Nissan asks Tokyo court for leniency on Ghosn’s charges

TOKYO, Oct.27 (Reuters) – A lawyer for Nissan Motor Co. (7201.T) on Wednesday asked a Tokyo court for leniency when it sentenced the company on charges that enabled the ousted president, Carlos Ghosn, to hide income from the Japanese authorities.

Nissan, which has previously pleaded guilty, is on trial alongside former executive Greg Kelly, who has denied charges that he helped his former boss hide 9.3 billion yen ($ 81.8 million) from Ghosn’s income over eight years through deferred payments.

Prosecutors seek a 200 million yen fine for the automaker and two years in prison for Kelly, for violating regulations introduced in 2010 that required company executives to earn more than one billion yen per year to disclose their compensation.

In his final court statements, Nissan’s attorney said the company had already seen its reputation tarnished by the accusations and had not benefited from Ghosn’s alleged actions.

The lawyer added that the automaker was already facing fines from Japanese financial regulators and had strengthened its corporate governance to guard against further violations.

Kelly’s legal team submitted a 497-page document claiming that emails and documents presented as evidence during the year-long trial did not show that there had been a conspiracy or agreement to defer compensation for Ghosn.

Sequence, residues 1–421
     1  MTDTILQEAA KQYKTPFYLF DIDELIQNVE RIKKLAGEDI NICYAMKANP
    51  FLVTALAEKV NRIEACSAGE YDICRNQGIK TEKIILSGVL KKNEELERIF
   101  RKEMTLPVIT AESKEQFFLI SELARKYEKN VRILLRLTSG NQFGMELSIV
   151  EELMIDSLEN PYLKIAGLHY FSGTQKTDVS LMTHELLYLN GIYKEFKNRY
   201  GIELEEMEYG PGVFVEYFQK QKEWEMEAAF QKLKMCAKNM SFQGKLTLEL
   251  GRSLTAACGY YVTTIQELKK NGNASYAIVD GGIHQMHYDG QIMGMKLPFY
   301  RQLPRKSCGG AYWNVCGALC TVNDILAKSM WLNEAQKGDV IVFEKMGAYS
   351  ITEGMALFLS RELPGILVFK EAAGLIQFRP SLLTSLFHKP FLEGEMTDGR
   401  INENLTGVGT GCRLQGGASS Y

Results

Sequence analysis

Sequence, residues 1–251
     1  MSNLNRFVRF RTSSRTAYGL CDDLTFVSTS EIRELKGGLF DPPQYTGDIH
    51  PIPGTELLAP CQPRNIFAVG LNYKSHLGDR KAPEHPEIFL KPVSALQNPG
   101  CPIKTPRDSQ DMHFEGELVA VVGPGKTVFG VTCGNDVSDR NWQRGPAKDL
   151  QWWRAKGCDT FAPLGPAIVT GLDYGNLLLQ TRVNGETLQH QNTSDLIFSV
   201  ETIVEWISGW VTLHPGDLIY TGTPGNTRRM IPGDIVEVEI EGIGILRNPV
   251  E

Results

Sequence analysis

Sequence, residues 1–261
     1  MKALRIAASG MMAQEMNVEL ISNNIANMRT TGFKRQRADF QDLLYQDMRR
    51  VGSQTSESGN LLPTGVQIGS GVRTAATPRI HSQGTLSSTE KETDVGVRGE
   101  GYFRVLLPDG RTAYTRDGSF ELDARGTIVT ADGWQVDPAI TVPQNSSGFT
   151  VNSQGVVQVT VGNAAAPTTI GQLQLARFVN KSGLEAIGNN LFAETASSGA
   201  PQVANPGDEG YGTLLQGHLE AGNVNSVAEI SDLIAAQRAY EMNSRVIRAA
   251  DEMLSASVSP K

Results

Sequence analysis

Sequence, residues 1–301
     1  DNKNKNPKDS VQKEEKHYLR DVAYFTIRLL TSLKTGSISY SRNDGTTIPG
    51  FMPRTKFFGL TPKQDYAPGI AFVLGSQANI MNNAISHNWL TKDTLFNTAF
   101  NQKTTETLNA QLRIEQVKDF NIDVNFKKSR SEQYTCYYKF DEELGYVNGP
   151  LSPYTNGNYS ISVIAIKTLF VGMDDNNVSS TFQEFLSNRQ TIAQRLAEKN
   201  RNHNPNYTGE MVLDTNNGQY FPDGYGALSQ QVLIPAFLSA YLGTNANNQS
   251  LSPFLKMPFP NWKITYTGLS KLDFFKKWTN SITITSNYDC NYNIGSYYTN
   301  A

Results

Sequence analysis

“There was no crime. Carlos Ghosn was never paid anything. And there was no binding agreement,” said Kelly, who has been in Japan for three years since his arrest. and his release on bail, to journalists in court. “A lot of senior executives were worried that we wouldn’t hold him back. “

A decision in this case is expected next year. The conviction rate in Japan is around 99%.

Ghosn, who fled to Lebanon in late 2019 hiding in the luggage of a private jet, also denies any wrongdoing.

He also faces separate breach of trust charges which allege he made a fortune at Nissan’s expense through payments of $ 5 million to a Middle Eastern car dealership and temporarily transferring financial losses. personal data in his employer’s books.

Ghosn and Kelly both say they are victims of a coup by former colleagues fearing that Ghosn will push through a merger between Nissan and Renault SA (RENA.PA), its main shareholder.

Reporting by Tim Kelly; Editing by Jason Neely and David Holmes

Our Standards: Thomson Reuters Trust Principles.

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